"Memory for Conversation"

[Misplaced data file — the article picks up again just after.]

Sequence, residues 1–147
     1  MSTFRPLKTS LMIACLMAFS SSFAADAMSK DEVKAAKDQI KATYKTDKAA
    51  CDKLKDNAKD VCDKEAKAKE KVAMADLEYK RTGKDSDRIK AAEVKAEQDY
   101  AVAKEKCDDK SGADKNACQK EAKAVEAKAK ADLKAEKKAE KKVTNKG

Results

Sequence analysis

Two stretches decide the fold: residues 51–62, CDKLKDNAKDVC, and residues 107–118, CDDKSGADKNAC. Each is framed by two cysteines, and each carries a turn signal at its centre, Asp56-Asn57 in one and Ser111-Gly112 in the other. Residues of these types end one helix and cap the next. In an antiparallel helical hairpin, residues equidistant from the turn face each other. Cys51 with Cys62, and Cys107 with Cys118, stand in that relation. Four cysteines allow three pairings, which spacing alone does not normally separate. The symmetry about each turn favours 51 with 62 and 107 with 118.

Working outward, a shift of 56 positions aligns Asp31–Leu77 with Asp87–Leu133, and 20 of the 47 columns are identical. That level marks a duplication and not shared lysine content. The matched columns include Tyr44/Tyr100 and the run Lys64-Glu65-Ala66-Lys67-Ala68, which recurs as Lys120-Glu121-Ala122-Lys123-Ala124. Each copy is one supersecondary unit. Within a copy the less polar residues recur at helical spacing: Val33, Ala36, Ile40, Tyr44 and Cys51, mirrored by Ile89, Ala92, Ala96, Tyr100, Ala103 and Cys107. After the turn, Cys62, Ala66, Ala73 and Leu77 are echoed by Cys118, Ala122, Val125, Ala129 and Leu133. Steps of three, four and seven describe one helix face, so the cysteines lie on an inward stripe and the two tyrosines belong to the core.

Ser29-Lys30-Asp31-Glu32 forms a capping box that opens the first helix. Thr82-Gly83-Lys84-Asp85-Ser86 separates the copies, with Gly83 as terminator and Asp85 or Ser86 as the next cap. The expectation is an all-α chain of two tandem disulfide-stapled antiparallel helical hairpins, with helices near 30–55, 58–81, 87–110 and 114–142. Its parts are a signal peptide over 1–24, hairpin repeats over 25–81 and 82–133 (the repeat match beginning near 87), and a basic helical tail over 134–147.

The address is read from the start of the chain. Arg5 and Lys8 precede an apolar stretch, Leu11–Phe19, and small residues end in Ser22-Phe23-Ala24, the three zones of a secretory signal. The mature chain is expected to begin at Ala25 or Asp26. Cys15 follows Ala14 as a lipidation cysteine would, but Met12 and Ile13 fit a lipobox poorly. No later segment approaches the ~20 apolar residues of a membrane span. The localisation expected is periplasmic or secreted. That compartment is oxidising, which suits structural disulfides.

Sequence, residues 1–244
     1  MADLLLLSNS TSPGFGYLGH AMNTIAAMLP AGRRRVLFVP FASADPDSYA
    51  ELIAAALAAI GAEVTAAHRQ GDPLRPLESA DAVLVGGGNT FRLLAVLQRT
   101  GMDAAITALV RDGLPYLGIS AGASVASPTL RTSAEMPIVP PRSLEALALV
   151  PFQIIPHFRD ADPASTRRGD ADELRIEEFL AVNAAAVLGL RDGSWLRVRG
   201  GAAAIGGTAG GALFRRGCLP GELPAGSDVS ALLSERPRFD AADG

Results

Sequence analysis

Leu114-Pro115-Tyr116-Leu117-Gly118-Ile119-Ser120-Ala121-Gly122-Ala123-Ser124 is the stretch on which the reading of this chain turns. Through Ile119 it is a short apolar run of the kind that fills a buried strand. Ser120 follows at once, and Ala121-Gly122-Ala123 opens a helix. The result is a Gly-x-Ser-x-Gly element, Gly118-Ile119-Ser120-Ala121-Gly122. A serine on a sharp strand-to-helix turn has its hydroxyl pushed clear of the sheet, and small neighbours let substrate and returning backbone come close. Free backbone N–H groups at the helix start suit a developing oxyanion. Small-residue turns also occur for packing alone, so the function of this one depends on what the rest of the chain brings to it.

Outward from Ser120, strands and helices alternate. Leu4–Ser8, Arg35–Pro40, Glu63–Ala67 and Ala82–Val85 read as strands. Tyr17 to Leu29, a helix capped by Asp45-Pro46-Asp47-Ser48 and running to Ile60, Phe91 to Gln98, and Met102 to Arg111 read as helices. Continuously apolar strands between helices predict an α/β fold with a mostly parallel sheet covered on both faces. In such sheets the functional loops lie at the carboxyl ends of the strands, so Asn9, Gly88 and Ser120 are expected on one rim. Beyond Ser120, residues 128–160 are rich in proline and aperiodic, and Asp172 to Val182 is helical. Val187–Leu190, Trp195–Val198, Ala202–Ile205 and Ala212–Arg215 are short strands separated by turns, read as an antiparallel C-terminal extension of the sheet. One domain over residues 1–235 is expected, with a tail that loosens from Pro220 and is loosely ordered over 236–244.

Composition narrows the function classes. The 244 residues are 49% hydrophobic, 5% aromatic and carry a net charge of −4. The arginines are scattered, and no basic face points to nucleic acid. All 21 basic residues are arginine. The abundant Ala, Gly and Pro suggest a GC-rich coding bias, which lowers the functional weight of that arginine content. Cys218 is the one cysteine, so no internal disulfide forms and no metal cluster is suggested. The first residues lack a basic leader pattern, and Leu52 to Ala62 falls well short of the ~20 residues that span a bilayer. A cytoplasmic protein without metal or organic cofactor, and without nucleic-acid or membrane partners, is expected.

In conversation, the discourse history, including past referents and how they were described, shapes future language use. While it is widely known that interlocutors form representations of the discourse history, the veracity and similarity of these representations among interlocutors has not been widely explored. Through the study of referential form in conversation, combined with explicit measures of recognition memory for past referents, I show that interlocutors are likely to walk away from a conversation with distinct memories for the contents, and in some cases the context of conversation. In general, speakers tend to remember what was said better than listeners do. Studies of conversational language use in persons with anterograde amnesia offer insights into the biological memory systems involved. The findings have implications for how common ground is formed in conversation, and suggest that there are limits on the degree to which interlocutors can achieve coordinated representations of the discourse history. More generally, this work demonstrates that the successful exchange of meaning in conversation involves imperfect, asymmetric representations of the jointly experienced past.